Thursday, November 22, 2012

Hamas: Ceasefire changes nothing

By Donald Sensing

The ceasefire brokered yesterday between Hamas and Israel makes Egyptian President Mohamed Morsi, its architect, look good. But it changes nothing on the ground. The Jerusalem Post reports,

Hamas leader Khaled Mashaal declared a position on Palestinian statehood that is nearly identical to that of his Fatah rival, Palestinian Authority President Mahmoud Abbas, in an interview with CNN aired Wednesday.

"I accept a Palestinian state according [to] the 1967 borders, with Jerusalem as the capital, with the right to return," the Hamas leader told Christine Amanpour in Cairo.

Pushed about his party's refusal to recognize Israel, Mashaal said such a declaration could only be made once a Palestinian state has been created.

"After this state is established, it decides its standing toward Israel," the Hamas leader said.
All this means is that Mashaal has started a PR offensive. This "new" position changes nothing regarding Hamas' stand toward Israel. Consider:
Asked if Hamas is willing to renounce violence, he said, "We are ready to resort to a peaceful way, purely peaceful way without blood or weapons."

Such a move, however, would be conditional on the attainment of Palestinian national demands, namely, "the elimination of occupation and the (creation of a) Palestinian state and ending the occupation and the wall."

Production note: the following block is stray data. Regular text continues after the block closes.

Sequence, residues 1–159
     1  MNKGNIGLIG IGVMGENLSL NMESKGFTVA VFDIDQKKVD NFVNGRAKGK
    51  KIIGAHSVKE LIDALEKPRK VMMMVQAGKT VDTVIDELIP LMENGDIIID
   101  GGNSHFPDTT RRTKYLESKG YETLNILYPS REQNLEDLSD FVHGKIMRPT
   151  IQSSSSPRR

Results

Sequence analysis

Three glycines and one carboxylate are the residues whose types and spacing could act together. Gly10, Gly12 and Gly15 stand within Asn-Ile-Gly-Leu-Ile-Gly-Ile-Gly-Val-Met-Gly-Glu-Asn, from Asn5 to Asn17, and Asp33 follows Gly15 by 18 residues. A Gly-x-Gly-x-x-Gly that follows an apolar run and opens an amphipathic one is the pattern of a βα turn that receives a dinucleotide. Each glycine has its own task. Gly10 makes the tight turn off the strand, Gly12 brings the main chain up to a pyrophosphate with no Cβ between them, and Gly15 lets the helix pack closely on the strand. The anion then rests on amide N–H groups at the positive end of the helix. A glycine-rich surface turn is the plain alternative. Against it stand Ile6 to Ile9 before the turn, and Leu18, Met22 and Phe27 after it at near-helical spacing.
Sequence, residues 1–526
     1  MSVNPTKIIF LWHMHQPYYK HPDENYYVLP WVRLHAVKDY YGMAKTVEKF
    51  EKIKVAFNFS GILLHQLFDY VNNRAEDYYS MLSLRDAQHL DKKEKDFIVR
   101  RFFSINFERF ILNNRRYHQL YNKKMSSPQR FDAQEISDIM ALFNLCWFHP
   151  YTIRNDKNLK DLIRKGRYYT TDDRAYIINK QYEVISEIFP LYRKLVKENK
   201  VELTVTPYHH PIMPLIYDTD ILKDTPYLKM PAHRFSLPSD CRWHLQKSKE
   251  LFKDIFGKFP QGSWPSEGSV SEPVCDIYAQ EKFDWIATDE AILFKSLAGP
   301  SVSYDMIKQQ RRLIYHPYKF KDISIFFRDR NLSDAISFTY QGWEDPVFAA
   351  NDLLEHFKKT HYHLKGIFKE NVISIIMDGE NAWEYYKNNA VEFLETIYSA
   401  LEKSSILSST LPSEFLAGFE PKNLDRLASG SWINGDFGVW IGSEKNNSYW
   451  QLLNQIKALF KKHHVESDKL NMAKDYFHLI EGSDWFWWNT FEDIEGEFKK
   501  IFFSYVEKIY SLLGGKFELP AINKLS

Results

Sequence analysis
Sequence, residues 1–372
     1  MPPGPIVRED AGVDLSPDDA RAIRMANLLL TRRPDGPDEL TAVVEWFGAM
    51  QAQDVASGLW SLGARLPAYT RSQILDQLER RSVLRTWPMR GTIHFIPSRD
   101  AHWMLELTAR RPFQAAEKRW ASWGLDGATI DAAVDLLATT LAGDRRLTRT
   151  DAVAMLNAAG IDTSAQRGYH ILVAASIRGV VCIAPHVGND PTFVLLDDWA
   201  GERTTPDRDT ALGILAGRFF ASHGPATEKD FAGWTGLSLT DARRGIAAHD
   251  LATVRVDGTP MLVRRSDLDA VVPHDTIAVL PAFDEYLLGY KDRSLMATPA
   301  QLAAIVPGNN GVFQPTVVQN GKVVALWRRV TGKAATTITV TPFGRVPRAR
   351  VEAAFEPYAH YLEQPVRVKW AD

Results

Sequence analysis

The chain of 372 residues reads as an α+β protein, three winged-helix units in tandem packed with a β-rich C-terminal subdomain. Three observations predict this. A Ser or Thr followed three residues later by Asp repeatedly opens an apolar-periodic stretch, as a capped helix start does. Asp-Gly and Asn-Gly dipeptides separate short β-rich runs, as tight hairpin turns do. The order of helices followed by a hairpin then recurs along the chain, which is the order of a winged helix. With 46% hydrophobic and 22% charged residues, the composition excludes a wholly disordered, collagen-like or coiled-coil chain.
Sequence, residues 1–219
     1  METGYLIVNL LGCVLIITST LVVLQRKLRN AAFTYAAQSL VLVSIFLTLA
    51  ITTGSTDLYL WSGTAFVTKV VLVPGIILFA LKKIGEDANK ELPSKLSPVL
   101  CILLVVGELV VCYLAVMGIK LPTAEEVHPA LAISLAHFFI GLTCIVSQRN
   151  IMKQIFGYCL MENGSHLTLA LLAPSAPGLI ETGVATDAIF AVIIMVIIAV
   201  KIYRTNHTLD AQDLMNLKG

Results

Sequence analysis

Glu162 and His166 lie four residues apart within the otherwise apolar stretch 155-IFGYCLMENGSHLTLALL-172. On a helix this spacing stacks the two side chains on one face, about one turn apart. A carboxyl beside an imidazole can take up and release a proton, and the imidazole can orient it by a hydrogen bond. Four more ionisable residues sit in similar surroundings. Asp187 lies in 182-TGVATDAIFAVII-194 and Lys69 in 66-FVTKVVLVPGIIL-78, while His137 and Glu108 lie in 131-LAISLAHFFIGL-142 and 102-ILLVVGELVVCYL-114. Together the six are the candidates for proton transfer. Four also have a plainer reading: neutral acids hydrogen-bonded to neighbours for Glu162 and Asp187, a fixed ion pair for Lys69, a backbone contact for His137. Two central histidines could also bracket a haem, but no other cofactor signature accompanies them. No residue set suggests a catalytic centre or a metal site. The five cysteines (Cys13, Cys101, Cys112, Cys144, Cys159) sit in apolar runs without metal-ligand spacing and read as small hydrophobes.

So let's deconstruct this and see why not even the peace factions in Israel will fall for it.

1. a Palestinian state according [to] the 1967 borders, with Jerusalem as the capital, with the right to return

The myth of the 1967 borders

There are no "1967 borders." What are inexplicably called "borders" are really just a ceasefire line drawn in 1949 at the end of Israel's first war for independence. The lines were drawn on a map with a green pencil, hence their former name, now rarely used, of the "green line." The armistice explicitly recognized that the line was not a territorial border and was of no significance except as a military demarcation line. To this day there is no international agreement recognizing the lines as international borders.

In 1967's Six Day War, Israel advanced into the West Bank, then usually called the Transjordan, and entered Jerusalem, the capital of biblical Israel. In the south, Israel also captured the entire Sinai Peninsula and the Gaza Strip. It has since withdrawn altogether from both. Israel has mostly withdrawn from the West Bank, but retains possession of Jerusalem, which it has made its capital city. There are also a number of Israeli towns that have been built inside the West Bank. Most of the West Bank is actually entirely autonomous under the rule of the Palestinian Authority or is mostly so.

There has never been a Palestinian state of any kind, anywhere, ever. The UN resolution creating Israel in 1948 included the authority to create a homeland for Arabs not wishing to live inside the Jewish state. This was 100 percent rejected by Arab governments. It was again rejected by then-leader of the Palestinian Authority, Yasir Arafat, in 1998 at the Wye River negotiations under the auspices of the Clinton administration.

Jerusalem as the Palestinian capital